Upon meeting Keith Nelson, anyone prone to superficial first impressions might have difficulty believing he's dedicated to helping save the environment.
Tattoo-covered arms and a predilection for Harley Davidson motorcycles aren't usual indicators of green-minded individuals.
However, this has not kept Nelson, manager of family-run Nelson's Auto Service in Hailey, from trying to help auto mechanics around the world become conscious of the effects they have on the Earth.
Nelson, whose shop specializes in oil changes, is concerned about the amount of oil being dumped into landfills from discarded oil filters, and the resulting contamination of soil and groundwater. He's spent the past nine years trying to find a solution.
The problem is the amount of oil remaining in a used filter after it is exchanged for a new one.
Despite a law mandating that used filters be left to drain for 24 hours after removal, the advent of a check valve in the filters during the late 1980s meant they remain about half full when thrown into the trash. Many states require shops to have some sort of device for drainage, such as crushers or cutters to open the can, but, Nelson said, those are inconvenient and often too time consuming for the average service shop.
Standing in the confined concrete pit of his garage, where the bulk of his work takes place, Nelson gave a demonstration of an existing cutting system. While the job takes only a few minutes to complete, it's easy to see from the number of old oil filters stacked up that it would not be an enjoyable task at the end of a long day.
Having provided professional oil changes for 25 years, Nelson knew that step often disappears between the removal of a filter and its arrival at the dump.
"There's something wrong here and we have to do something about it," he said.
Searching for a simpler, less time-intensive tool, Nelson worked on a number of different prototypes, eventually arriving at his final design.
"It's perfect for the brain-dead mechanic," he said with a grin.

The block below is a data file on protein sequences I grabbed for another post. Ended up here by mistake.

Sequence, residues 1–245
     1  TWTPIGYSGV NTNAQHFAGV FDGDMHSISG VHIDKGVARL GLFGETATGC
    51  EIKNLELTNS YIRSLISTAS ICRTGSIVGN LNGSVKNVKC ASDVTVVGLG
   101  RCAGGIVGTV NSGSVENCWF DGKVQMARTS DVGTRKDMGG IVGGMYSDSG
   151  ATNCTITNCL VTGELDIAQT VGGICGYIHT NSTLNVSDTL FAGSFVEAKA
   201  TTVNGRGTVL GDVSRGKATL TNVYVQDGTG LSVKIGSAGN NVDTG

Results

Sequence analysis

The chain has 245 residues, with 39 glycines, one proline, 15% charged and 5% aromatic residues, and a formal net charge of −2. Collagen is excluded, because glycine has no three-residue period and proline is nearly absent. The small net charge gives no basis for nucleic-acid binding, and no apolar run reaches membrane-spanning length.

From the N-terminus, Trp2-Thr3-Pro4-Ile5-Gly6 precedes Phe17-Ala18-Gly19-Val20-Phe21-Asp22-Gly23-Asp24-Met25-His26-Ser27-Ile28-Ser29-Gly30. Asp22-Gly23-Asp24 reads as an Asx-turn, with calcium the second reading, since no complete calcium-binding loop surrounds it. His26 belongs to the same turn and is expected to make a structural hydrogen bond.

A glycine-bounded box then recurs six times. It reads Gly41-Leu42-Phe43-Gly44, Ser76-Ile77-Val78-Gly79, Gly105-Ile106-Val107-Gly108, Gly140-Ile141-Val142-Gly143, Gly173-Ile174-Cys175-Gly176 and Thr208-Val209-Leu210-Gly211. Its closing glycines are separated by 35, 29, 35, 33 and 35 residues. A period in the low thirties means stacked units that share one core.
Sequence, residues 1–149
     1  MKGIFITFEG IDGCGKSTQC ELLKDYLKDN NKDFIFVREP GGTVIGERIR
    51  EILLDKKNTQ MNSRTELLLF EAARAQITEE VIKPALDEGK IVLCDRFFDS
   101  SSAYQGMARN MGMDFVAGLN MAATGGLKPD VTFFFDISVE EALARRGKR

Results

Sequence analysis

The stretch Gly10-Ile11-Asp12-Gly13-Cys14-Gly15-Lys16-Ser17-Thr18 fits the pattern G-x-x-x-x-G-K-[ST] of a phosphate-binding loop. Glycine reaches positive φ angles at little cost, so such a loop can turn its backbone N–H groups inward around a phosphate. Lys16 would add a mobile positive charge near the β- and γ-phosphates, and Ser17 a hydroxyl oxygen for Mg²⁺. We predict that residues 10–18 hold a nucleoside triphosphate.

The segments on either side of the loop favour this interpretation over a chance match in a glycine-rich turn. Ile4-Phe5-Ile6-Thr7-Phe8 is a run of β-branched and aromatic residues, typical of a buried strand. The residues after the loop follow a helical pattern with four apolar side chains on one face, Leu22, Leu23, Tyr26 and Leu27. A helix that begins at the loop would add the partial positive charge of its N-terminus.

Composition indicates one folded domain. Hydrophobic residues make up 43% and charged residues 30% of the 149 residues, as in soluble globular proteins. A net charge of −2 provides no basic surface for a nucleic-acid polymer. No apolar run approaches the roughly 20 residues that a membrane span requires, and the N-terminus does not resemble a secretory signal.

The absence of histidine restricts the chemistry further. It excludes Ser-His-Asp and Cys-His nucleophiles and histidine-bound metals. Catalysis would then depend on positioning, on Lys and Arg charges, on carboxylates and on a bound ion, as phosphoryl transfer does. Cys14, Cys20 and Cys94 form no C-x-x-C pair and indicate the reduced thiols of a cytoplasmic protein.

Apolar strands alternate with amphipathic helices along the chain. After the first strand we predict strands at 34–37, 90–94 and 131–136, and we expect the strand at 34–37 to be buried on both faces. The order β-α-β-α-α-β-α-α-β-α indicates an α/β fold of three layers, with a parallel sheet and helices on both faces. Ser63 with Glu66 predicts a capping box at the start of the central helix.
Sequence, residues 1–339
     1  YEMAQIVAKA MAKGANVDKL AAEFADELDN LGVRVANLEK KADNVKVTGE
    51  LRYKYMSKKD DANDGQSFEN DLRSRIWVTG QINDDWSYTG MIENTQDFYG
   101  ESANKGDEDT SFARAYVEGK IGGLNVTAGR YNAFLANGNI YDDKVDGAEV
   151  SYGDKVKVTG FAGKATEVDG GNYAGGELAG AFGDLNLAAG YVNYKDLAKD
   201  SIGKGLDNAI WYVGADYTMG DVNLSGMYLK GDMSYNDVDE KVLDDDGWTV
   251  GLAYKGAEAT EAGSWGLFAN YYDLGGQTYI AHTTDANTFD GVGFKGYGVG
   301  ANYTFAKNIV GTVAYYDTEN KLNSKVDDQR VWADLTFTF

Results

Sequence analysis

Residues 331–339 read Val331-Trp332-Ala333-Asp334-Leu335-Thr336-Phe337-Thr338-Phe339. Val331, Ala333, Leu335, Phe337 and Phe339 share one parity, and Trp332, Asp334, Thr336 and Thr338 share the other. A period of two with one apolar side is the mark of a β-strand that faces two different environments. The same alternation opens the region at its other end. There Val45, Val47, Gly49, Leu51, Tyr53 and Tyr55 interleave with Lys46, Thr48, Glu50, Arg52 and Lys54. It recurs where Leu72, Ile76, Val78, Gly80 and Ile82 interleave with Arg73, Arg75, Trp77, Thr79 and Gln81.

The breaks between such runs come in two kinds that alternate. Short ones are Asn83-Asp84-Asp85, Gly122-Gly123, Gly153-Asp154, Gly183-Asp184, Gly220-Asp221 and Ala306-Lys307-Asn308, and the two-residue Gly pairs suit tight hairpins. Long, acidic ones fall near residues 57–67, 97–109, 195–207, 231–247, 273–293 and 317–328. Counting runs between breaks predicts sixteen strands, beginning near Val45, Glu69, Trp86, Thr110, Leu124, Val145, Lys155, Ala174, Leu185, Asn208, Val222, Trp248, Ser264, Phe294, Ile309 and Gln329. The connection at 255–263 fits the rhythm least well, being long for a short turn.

When most people think of environmentally friendly inventions, solar panels and exhaust-free engines spring to mind, not an 8-inch piece of metal with two small spikes attached. That could change, however, if Nelson finalizes a deal with international tool manufacturer Ingersoll Rand.
Set to meet with the president of Ingersoll's production systems next month, Nelson is hoping a partnership will lead to worldwide awareness of the difference his tool can make for the environment.
Nelson gave this reporter a demonstration of what that difference could be.
Setting a used oil filter on a set of connected parallel bars, he used the hook at the top of his tool to align the spiked underside with the center of the metal canister. Holding the assembly steady with one hand, he used the other to sharply rap the flat portion of the tool with a hammer, driving the two small spikes through the filter's casing.
Nelson then placed the oil filter on the upper rim of a 50-gallon oil drum with the two small puncture holes, one for drainage and the other for air, angled down toward the center of the barrel.
Within seconds, a steady stream of oil poured from the bottom hole. He waited five minutes and then sliced open one end of the canister. Removing the actual filter proved the effectiveness of this simple method—mere dabs of oil remained on the surface of the metal.
"Since we started using this system, we've been collecting somewhere between 30 and 60 gallons of oil per month," Nelson said, visibly excited. "And this is just at Nelson's (Auto Service). Imagine if it was being used in Dallas or Chicago, rather than only Hailey."
With the help of Hailey-based Byron's Welding, Nelson has produced approximately 20 of his patent-pending oil filter drain systems and sold them to nearly a dozen automotive service shops in the Wood River Valley, as well as in Twin Falls and Shoshone.
The new users are coming to understand the implications of Nelson's invention.
"After using it, I was disgusted to know how much oil we were throwing away," said Justin Krien, a mechanic in the service department of Sawtooth Auto Sales in Hailey. "It used to take us an entire year to fill a single five-gallon bucket. Now it takes less than two weeks."
Nelson hopes mechanics worldwide, as well as environmental agencies such as the Environmental Protection Agency, will have the same revelation as Krien.
"It's a simple solution, but it's going to make a difference," he said. "And it's not for us, but our future generations."
For more information, Nelson can be contacted at 481-1742.